By Steve Guntli
With the summer season upon us, it seems nearly every movie, television show and Broadway production these days is based around some kind of costumed hero or another. While superheroes are great, comic books and graphic novels go far beyond capes and explosions, and their influences can be felt even in music.
“My Friend Dahmer” (2011)
By John “Derf” Backderf
Would we know evil if we saw it in our daily lives? That’s one of the questions posed in John “Derf” Backderf’s strange, touching illustrated memoir, “My Friend Dahmer.”
Backderf attended the same high school in rural Ohio as future serial killer Jeffrey Dahmer in the late ’70s. The two were casual acquaintances who bonded over Dahmer’s bizarre sense of humor and willingness to do anything for a laugh.
As they got older and Dahmer grew stranger, the two drifted apart. Backderf went on to have a normal adolescence, made lifelong friends and went on to college. Dahmer grew more isolated, his thoughts increasingly dominated by his dark obsessions.
In the early 1990s, when details of Dahmer’s horrific crime spree started making the news, Backderf began to reflect on the strange kid he went to high school with, wondering if he ever saw the darkness within him and if there was anything he could have done.
This isn’t a true-crime narrative or tabloid exploitation. The details of Dahmer’s horrific crimes are largely left out of the story. What gives “My Friend Dahmer” its power is the way it casts banal interactions into stark relief. The simple, cartoony artwork captures the style of the era, while making the creepier elements all the more effective.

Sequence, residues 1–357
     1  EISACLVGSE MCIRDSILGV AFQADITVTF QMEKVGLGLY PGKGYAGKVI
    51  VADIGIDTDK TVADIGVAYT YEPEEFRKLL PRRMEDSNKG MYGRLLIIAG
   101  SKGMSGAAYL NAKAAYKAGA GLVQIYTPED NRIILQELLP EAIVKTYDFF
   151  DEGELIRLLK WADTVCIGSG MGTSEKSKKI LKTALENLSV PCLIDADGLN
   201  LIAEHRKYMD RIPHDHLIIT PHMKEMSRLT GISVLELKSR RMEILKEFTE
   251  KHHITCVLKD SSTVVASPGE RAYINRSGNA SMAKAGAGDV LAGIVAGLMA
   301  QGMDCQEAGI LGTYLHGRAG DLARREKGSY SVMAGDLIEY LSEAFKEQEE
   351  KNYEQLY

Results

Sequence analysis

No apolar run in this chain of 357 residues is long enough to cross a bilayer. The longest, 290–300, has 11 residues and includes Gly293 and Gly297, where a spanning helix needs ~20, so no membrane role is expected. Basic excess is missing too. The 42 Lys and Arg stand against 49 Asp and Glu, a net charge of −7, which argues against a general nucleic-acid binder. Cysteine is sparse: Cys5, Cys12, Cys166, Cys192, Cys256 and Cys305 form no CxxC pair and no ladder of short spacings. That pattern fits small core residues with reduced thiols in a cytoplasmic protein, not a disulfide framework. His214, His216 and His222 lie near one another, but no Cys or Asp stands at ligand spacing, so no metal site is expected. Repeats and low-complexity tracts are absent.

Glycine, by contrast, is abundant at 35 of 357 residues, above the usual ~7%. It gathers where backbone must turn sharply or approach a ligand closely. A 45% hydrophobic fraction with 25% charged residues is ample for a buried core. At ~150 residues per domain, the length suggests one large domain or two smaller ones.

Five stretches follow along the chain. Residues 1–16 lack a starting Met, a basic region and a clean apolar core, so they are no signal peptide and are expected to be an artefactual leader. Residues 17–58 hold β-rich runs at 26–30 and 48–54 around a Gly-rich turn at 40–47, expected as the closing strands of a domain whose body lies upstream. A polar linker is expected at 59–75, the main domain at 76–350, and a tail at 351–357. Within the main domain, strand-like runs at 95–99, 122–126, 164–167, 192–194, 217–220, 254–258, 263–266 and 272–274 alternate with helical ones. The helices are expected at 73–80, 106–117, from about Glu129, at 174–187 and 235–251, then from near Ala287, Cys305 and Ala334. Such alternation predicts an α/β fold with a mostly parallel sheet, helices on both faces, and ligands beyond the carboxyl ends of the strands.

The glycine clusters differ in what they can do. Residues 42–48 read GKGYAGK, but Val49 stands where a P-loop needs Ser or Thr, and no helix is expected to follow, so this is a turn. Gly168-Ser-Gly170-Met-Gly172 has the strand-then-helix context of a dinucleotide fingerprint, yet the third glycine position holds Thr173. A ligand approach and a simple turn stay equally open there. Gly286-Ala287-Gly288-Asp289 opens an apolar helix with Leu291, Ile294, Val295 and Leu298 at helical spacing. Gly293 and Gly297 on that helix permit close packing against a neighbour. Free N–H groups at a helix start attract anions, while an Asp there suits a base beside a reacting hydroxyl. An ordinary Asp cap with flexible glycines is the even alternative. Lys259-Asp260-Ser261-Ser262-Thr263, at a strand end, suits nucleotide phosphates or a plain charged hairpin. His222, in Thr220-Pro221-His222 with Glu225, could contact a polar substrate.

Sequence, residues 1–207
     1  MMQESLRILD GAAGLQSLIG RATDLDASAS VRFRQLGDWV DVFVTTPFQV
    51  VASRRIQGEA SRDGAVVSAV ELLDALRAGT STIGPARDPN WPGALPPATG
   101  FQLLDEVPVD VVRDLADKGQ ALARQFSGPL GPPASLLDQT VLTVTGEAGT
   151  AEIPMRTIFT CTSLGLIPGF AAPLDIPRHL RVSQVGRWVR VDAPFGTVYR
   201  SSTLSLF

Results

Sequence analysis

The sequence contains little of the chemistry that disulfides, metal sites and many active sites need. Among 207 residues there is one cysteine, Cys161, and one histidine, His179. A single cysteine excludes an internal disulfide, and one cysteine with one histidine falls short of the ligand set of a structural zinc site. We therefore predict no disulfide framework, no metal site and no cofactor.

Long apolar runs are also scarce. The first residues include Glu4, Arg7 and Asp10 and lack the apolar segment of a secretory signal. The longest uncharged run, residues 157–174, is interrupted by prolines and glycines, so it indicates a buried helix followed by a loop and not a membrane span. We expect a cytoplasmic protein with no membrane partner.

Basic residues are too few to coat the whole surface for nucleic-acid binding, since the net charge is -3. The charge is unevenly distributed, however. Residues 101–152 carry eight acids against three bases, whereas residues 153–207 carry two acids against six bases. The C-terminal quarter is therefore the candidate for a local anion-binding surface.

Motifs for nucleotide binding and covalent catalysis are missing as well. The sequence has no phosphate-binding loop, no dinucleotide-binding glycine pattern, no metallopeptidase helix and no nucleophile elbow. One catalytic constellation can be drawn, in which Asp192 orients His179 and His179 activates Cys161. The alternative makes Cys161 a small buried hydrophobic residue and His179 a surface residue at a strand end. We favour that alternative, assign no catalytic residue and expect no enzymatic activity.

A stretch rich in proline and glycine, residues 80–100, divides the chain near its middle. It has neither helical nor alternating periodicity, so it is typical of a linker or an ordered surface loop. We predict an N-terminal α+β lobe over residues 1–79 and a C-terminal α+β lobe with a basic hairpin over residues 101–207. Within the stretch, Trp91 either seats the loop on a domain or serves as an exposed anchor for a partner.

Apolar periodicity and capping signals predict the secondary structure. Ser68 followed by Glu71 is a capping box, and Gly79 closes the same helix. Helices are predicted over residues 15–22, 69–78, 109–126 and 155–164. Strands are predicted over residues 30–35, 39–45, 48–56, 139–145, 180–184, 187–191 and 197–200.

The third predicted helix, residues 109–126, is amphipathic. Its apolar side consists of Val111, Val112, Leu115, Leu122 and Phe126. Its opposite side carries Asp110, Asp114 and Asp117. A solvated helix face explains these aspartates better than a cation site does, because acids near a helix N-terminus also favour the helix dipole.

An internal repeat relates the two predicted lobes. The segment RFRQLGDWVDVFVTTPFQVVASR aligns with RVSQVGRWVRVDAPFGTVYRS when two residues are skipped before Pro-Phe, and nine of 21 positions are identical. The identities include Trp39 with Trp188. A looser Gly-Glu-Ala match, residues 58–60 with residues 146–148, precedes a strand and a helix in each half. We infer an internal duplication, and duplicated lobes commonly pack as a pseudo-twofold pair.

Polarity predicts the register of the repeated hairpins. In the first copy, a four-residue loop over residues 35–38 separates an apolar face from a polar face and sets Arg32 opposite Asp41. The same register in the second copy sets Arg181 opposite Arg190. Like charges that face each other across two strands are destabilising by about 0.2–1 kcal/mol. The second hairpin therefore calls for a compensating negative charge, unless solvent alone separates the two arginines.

“Scott Pilgrim vs. the World” (2010)
Directed by Edgar Wright
“Scott Pilgrim vs. the World” represents the perfect confluence of a director and a source material. Edgar Wright, best known for bringing a kinetic energy and brilliant structure to British comedies like “Shaun of the Dead” and “The World’s End,” was the absolute perfect choice for Bryan Lee O’Malley’s graphic novel series.
Scott (Michael Cera) is a shiftless 20-something musician looking for love in Toronto. When he meets Ramona Flowers (Mary Elizabeth Winstead), he knows he’s found his soul mate. The only problem is, she comes with baggage: namely, seven evil exes who he must face in a series of increasingly ridiculous showdowns.
The battles include a skateboarding challenge against a cocky movie star, a Bollywood-inspired dance number and a Godzilla-like showdown between two gigantic monsters made of music.
The movie is every bit as crazy as it sounds, but it’s incredibly fun to watch. Taking his visual cues from comic books and early ’90s video games, Wright packs every frame with visual innovation. The nerdy, gangly Cera makes a surprisingly compelling action hero, and for all the chaos onscreen, the movie shows a surprising amount of insight into maturity, relationships and perseverance.
“Demon Days” (2005)
Plenty of music has been inspired by comic books characters, but only one band can actually claim to be comic book characters. Gorillaz is the brainchild of Blur front man Damon Albarn and comic book artist James Hewlett. The pair felt pop music had become so artificial they could create an animated band and no one would know the difference. Seven platinum albums later, and their hypothesis appears to have been confirmed.
But while the group may have been founded as a cynical experiment, they’ve had surprising longevity and have shown a strong level of artistic growth.
The band’s second album, “Demon Days,” remains their best. Powered by the ubiquitous, unstoppable hooks of “Feel Good, Inc.,” the album took the group beyond the novelty of its creation and into the realms of pop legitimacy.
Built on a failed script idea for a Gorillaz movie, the album has a loose storyline, charting the group’s travels through a post-apocalyptic wasteland. But the danceable rhythm and hip hop hooks (courtesy of collaborator Del the Funky Homosapien) offset the grim thematic material.
Each of these titles is available through the Blaine Public Library. To reserve a copy, visit the library or go to wcls.org.